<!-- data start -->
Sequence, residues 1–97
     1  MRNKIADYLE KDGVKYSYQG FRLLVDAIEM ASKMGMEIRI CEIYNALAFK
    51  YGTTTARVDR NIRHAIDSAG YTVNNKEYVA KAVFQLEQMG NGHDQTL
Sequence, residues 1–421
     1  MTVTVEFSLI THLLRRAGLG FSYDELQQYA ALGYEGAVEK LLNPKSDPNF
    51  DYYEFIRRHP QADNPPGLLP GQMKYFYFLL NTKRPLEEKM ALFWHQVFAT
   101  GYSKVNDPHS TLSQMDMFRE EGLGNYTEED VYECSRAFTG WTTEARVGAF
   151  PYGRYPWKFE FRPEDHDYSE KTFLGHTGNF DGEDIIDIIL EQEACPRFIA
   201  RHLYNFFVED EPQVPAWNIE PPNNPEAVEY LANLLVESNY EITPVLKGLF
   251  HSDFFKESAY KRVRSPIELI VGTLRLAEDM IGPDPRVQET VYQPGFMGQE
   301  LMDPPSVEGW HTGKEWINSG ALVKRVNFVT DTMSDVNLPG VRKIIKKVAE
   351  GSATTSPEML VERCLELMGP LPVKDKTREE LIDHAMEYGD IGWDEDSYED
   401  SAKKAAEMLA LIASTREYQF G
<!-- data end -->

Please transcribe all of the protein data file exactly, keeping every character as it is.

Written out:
Sequence, residues 1–97
     1  MRNKIADYLE KDGVKYSYQG FRLLVDAIEM ASKMGMEIRI CEIYNALAFK
    51  YGTTTARVDR NIRHAIDSAG YTVNNKEYVA KAVFQLEQMG NGHDQTL
Sequence, residues 1–421
     1  MTVTVEFSLI THLLRRAGLG FSYDELQQYA ALGYEGAVEK LLNPKSDPNF
    51  DYYEFIRRHP QADNPPGLLP GQMKYFYFLL NTKRPLEEKM ALFWHQVFAT
   101  GYSKVNDPHS TLSQMDMFRE EGLGNYTEED VYECSRAFTG WTTEARVGAF
   151  PYGRYPWKFE FRPEDHDYSE KTFLGHTGNF DGEDIIDIIL EQEACPRFIA
   201  RHLYNFFVED EPQVPAWNIE PPNNPEAVEY LANLLVESNY EITPVLKGLF
   251  HSDFFKESAY KRVRSPIELI VGTLRLAEDM IGPDPRVQET VYQPGFMGQE
   301  LMDPPSVEGW HTGKEWINSG ALVKRVNFVT DTMSDVNLPG VRKIIKKVAE
   351  GSATTSPEML VERCLELMGP LPVKDKTREE LIDHAMEYGD IGWDEDSYED
   401  SAKKAAEMLA LIASTREYQF G